Marizka Coetzer
2 minute read
27 May 2021
5:30 am

Tshwane contractors demand their jobs back

Marizka Coetzer

The group of contract workers, who claim they have been unfairly dismissed last year, took to the streets and marched.

Tshwane mayor Randall Williams. Picture: Jacques Nelles

More than 200 former employees from Capacity working for the Tshwane municipality marched to Tshwane House yesterday to hand over a memorandum demanding back their jobs.

The group of contract workers, who claim they have been unfairly dismissed last year, took to the streets and marched from Kgosi Mampuru Street to Tshwane House where they waited until they were addressed by officials.

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Given Miso from Hammanskraal said he started working for the city of Tshwane under Capacity as a general worker in November 2019, only for his contract to expire a year later.

The contractors were allegedly meant to be reappointed but, instead, were cut off financially without any warning.

“We want our jobs back. By law, we should have got a letter to inform us but they just cut our salaries. We have not been working for seven months,” Miso said.

The father of two children said he was unable to apply for a grant because, according to the system, he was a permanent city worker.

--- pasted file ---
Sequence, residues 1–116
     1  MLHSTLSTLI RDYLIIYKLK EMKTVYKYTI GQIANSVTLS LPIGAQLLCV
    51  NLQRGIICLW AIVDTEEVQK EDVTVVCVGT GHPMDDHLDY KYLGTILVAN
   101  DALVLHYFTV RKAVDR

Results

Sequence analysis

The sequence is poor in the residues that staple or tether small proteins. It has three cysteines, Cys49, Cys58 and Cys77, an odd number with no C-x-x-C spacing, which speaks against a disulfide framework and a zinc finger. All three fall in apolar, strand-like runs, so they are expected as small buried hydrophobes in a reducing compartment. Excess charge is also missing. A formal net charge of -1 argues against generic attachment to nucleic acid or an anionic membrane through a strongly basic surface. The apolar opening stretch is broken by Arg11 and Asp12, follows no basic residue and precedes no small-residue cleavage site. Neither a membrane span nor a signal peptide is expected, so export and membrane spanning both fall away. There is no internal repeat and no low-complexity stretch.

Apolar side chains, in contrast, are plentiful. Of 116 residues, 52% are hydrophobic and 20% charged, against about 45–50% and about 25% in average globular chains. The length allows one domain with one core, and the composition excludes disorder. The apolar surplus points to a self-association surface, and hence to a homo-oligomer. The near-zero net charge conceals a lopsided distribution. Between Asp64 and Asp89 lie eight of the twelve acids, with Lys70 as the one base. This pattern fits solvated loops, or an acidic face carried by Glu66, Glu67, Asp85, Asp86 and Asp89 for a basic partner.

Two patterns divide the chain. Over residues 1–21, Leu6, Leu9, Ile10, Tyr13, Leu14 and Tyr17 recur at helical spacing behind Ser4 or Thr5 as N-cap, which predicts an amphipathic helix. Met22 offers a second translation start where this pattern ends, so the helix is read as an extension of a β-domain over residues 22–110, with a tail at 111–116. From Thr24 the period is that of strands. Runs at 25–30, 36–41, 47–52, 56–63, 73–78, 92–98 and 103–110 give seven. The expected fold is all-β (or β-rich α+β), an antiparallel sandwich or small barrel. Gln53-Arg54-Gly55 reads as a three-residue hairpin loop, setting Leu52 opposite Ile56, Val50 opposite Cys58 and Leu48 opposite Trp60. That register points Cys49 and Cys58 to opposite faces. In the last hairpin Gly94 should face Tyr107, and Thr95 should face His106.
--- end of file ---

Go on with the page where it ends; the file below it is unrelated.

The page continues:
The contractors handed over the memorandum with a list of demands that included being reinstated in their positions and being reimbursed for the loss of income in the past seven months.

Sylvester Phokoje, acting mayor and MMC for the department of corporate and shared services, addressed the contract workers outside Tshwane House, where he signed and received the memorandum and said it would be looked into immediately.

A group of angry women contractors described the past months of unemployment as painful.

“I have four children who depend on me for an income,” said a woman who agreed to speak anonymously.

She added her child grant was stopped because she was also registered on the system as a permanent city worker, despite sitting at home without employment.

“We want our jobs back and the backlog in salaries,” she added.

“The contractors said they came to Tshwane House in January to get answers but were removed by police using “rubber bullets”.

The leader of the contractors, Cedric Cele, said they discovered yesterday the city has mistaken them for outsourced workers.